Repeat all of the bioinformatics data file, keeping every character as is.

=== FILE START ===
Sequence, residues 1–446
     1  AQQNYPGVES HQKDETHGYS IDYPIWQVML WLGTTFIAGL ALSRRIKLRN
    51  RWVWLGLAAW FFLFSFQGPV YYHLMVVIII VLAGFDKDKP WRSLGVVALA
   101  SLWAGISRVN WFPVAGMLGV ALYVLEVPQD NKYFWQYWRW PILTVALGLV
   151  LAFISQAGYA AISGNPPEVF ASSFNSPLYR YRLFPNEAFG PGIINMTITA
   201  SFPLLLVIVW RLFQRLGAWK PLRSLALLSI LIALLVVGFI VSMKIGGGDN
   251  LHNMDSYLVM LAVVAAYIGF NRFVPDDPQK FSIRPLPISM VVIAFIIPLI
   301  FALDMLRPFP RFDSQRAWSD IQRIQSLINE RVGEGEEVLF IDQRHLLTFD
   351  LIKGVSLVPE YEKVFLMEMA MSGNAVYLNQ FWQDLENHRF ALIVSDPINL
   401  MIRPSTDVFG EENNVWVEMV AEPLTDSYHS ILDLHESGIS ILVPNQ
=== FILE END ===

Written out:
Sequence, residues 1–446
     1  AQQNYPGVES HQKDETHGYS IDYPIWQVML WLGTTFIAGL ALSRRIKLRN
    51  RWVWLGLAAW FFLFSFQGPV YYHLMVVIII VLAGFDKDKP WRSLGVVALA
   101  SLWAGISRVN WFPVAGMLGV ALYVLEVPQD NKYFWQYWRW PILTVALGLV
   151  LAFISQAGYA AISGNPPEVF ASSFNSPLYR YRLFPNEAFG PGIINMTITA
   201  SFPLLLVIVW RLFQRLGAWK PLRSLALLSI LIALLVVGFI VSMKIGGGDN
   251  LHNMDSYLVM LAVVAAYIGF NRFVPDDPQK FSIRPLPISM VVIAFIIPLI
   301  FALDMLRPFP RFDSQRAWSD IQRIQSLINE RVGEGEEVLF IDQRHLLTFD
   351  LIKGVSLVPE YEKVFLMEMA MSGNAVYLNQ FWQDLENHRF ALIVSDPINL
   401  MIRPSTDVFG EENNVWVEMV AEPLTDSYHS ILDLHESGIS ILVPNQ